Charity workers have warned festivalgoers against leaving their tents behind at the end of a festival, challenging the widespread belief that they are all later donated to charity. Check out footage of the aftermath below.
Images of thousands of abandoned tents and rubbish left behind by attendees of Reading & Leeds Festivals on Monday (August 27) have attracted negative headlines in the past few days, with the result being that “avoidable plastic pollution” is actually taken to a landfill rather than being donated to any charitable cause.
Speaking to The Daily Telegraph, Festival Waste Reclamation & Distribution director Matt Wedge said: “There is a common misconception that leaving your tent is like making a donation.
“It’s simply not the case. We co-ordinate local volunteers and charity groups and take as much as we can for the homeless and refugees in Calais and Dunkirk but realistically, up to 90% gets left behind.”
I hope these tents and sleeping bags are kept and given to those in need? Would be irresponsible for them to all go to landfill @OfficialRandL #Leeds #tents #festival #pollution
Photo credit Emma Wright pic.twitter.com/M4Ih8AocSZ
— Dan Knight (@DanKnight2304) August 29, 2018
Meanwhile, footage has also emerged of what appears to be the aftermath of tents left behind at Leeds Festival.
“The aftermath of a festival,” wrote Sophie Cottis-Allan, who shared the clip. “The waste is just ridiculous… Luckily hundreds of volunteers from amazing charities were invited on site to salvage something from this throwaway culture. Unfortunately, more than 90% of the tents we came across were trashed/slashed/burnt.”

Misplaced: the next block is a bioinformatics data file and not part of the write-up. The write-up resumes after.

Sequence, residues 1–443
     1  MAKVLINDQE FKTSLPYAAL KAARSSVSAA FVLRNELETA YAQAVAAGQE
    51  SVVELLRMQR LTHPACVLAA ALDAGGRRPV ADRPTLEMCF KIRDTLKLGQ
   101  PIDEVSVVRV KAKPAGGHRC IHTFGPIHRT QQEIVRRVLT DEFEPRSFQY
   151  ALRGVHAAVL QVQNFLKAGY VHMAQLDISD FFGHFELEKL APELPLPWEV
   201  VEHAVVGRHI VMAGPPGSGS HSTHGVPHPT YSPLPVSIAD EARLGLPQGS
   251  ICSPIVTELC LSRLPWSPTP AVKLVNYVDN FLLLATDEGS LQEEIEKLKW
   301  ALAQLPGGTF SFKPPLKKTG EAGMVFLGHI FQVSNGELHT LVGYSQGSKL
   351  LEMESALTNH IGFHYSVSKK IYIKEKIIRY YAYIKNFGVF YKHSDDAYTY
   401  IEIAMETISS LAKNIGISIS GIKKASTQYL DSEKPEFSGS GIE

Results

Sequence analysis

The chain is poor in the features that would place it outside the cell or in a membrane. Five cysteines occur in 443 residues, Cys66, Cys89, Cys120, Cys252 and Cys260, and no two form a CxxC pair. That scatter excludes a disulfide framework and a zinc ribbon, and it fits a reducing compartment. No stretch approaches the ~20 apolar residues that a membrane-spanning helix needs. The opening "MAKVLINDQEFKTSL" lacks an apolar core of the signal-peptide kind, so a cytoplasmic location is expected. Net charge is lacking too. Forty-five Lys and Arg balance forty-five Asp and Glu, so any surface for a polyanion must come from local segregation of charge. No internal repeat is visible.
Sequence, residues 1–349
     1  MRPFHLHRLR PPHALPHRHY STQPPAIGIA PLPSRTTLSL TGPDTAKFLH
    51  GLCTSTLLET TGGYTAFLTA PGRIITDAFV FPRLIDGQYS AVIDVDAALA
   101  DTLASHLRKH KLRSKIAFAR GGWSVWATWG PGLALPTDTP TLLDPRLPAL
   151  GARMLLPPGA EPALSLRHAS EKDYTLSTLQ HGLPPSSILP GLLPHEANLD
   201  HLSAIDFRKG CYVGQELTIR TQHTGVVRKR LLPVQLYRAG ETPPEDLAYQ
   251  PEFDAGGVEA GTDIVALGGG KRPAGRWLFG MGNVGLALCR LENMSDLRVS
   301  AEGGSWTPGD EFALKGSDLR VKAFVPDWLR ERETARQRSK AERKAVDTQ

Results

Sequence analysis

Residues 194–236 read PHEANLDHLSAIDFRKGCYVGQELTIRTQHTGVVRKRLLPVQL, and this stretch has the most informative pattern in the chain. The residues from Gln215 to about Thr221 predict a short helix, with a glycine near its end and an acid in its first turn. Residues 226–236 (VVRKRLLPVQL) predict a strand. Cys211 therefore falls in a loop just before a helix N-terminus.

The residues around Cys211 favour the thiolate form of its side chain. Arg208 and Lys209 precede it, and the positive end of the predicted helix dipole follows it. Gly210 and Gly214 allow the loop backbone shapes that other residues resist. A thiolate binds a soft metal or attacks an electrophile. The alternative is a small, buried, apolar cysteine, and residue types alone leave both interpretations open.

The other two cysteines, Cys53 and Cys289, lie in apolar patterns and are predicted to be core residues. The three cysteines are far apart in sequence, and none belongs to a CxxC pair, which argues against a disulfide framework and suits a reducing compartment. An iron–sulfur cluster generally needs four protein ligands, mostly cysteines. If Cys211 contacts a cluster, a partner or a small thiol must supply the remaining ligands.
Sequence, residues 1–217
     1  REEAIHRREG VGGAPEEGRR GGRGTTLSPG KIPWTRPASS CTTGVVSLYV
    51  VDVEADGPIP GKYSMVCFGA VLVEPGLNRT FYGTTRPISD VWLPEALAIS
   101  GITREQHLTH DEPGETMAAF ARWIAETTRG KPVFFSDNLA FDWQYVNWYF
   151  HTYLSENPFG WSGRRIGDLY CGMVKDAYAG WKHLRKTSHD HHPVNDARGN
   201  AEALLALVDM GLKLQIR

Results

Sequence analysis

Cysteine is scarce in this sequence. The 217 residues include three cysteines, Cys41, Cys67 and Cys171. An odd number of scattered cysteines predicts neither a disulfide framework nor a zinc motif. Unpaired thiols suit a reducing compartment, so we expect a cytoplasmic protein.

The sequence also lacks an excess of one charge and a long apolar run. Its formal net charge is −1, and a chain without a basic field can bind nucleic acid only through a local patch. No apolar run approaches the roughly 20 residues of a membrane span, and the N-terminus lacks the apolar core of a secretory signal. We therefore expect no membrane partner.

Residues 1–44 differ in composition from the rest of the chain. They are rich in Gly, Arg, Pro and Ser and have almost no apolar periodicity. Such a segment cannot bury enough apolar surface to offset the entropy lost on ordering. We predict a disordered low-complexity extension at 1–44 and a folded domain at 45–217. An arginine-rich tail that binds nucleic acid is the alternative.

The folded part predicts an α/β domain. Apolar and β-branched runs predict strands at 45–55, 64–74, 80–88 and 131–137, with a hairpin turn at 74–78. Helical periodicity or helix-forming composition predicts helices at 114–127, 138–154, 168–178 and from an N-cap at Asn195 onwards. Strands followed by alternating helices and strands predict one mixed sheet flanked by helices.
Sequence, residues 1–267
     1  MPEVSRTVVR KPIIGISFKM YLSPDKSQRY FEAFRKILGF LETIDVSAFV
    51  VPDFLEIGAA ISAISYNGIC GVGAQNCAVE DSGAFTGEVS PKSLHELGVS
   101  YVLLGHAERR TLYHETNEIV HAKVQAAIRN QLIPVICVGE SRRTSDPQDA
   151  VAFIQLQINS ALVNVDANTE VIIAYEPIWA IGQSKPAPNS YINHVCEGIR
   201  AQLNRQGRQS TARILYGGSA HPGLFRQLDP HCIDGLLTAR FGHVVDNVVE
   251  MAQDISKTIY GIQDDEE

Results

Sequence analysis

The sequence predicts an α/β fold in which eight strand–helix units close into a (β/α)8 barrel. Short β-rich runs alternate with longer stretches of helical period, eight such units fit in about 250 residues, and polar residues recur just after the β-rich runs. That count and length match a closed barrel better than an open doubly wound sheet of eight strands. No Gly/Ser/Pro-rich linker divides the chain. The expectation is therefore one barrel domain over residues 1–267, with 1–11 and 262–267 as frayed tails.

The aftermath of Leeds festival. The waste is just ridiculous… 🙁 Luckily hundreds of volunteers from amazing charities were invited on site to salvage something from this throwaway culture. Unfortunately, more than 90% of the tents we came across were trashed/slashed/burnt.
Posted by Sophie Cottis-Allan on Monday, August 27, 2018
Over 200 volunteers, including Wedge, worked on the Leeds site yesterday (August 28) as part of the clean-up, and he added that the assumed idea that “festival tents” are disposable has instilled a troubling culture among some festivalgoers.
“It hasn’t really changed in the last seven years,” he added. “Many of the festivals have these green initiatives, but the message just isn’t getting through.”
Friends of the Earth campaigner Emma Priestland echoed these sentiments, telling the Telegraph: “There was a time when charities could collect a small amount of left-behind tents and donate them to a good cause, but increasingly tents are flimsily constructed so they become single-use items.
“This is large-scale, ugly littering. Awareness of the senseless damage of plastic pollution is higher than it’s ever been, so it’s inexcusable that people don’t recognise abandoned tents for what they are: even more avoidable plastic pollution.”